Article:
Teenagers drink a bath full of sugary drinks a year, Cancer Research says
Teenagers drink the equivalent of almost a bath full of sugary drinks every year, a charity has warned.
New figures from Cancer Research UK suggest those aged 11 to 18 each drink just over 234 cans of soft drink a year - or one bathtub full.
Even toddlers aged between 1.5 and three drink the equivalent of 1.34 cans of fizzy drink every week - or 69.68 in a year, the analysis showed.
Meanwhile, those aged four to 10 drink 110.61 cans of fizzy drink per year on average - almost half a bathtub.
In March, the Government announced it will introduce a sugar tax on soft drinks with added sugar.
Drinks with 5g of sugar per 100ml will face a lower rate of tax ,while those with more than 8g per 100ml will face a higher rate.
The Office for Budget Responsibility estimates the levy could add 18p to 24p to the price of a litre of fizzy drink if the full cost is passed on to the consumer.
Pure fruit juices will be exempt as they do not carry added sugar, while drinks with a high milk content will also be exempt due to their calcium content.
A 330ml can of cola can contain 35g of sugar. This exceeds the maximum sugar recommendations for a five-year-old (19g of total sugar per day) and for a child aged 11 and over (30g per day).
The new Cancer Research UK data was based on data from the National Diet and Nutrition Survey.
It found that a dults and young children currently consume twice the maximum recommended amount of added sugar. And 11 to 18-year-olds eat and drink three times the recommended limit, with sugary drinks being their main source of added sugar.
Alison Cox, director of prevention at Cancer Research UK, said: "It's shocking that teenagers are drinking the equivalent of a bathtub of sugary drinks a year.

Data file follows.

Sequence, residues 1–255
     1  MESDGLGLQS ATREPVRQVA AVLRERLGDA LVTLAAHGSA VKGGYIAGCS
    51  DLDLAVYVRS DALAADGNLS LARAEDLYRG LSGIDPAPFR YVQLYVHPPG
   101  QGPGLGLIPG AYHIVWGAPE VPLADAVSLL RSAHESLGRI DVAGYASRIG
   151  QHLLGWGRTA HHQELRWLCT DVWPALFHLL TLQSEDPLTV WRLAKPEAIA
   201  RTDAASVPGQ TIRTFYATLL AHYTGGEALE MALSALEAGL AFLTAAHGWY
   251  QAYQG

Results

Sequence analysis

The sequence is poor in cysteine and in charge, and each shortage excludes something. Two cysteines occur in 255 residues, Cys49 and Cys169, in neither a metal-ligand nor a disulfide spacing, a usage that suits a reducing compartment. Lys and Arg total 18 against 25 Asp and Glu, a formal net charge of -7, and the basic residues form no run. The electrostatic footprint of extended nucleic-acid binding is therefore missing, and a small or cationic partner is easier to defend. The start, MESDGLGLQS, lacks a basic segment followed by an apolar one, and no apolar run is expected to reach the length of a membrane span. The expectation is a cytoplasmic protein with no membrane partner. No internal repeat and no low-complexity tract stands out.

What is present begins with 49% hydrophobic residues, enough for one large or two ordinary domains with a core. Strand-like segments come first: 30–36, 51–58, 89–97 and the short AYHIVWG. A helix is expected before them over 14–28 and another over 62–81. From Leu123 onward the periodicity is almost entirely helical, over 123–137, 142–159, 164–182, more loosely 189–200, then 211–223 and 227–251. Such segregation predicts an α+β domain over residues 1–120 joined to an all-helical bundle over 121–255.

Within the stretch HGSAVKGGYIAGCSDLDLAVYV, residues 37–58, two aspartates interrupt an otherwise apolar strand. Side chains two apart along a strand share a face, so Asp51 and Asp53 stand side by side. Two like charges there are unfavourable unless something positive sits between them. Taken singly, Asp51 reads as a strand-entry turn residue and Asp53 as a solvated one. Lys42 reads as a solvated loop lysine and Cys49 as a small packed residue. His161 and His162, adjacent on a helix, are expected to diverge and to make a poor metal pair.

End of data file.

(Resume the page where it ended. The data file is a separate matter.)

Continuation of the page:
"We urgently need to stop this happening and the good news is that the Government's sugar tax will play a crucial role in helping to curb this behaviour. The ripple effect of a small tax on sugary drinks is enormous, and it will give soft drinks companies a clear incentive to reduce the amount of sugar in drinks.
"When coupled with the Government's plan to reduce sugar in processed food, we could really see an improvement to our diets.
"But the Government can do more to give the next generation a better chance, by closing the loophole on junk food advertising on TV before the 9pm watershed. The UK has an epidemic on its hands, and needs to act now."
Cancer Research UK estimates that a 20p-per-litre sugar tax could prevent 3.7 million cases of obesity over the next decade.
Alison Tedstone, chief nutritionist at Public Health England, said: "The sugar levy is a good way to help cut intakes, but children get sugar from many sources.
"We're also working with businesses and retailers to gradually take sugar out of the food children eat the most, so we can cut sugar intakes across the whole diet, not just drinks."
Gavin Partington, director-general of industry body the British Soft Drinks Association, said: "The latest Government NDNS data actually shows that teenagers' sugar intake from soft drinks is down by 8%.
"This is not surprising since soft drinks companies' action on reformulation and smaller pack sizes has helped drive a 17% cut in sugar consumed from soft drinks since 2012.
"The soft drinks sector is ahead of the game and in 2015 became the only category to set a voluntary calorie reduction target of 20% by 2020. We also voluntarily extended the advertising rules regarding under-16s to all online media."
A Government spokesman said: "We know that high added sugar in soft drinks is a problem - that's why as part of our world-leading obesity plan, the soft drinks industry levy is encouraging companies to significantly reduce the amount of sugar in fizzy drinks.
"We are already seeing companies like Tesco and the makers of Lucozade taking action. This is proof that taking added sugar out of drinks is both possible and meets the expectations of many consumers.
"Our plan is the start of a conversation and we haven't ruled out further measures if we do not see the progress we need."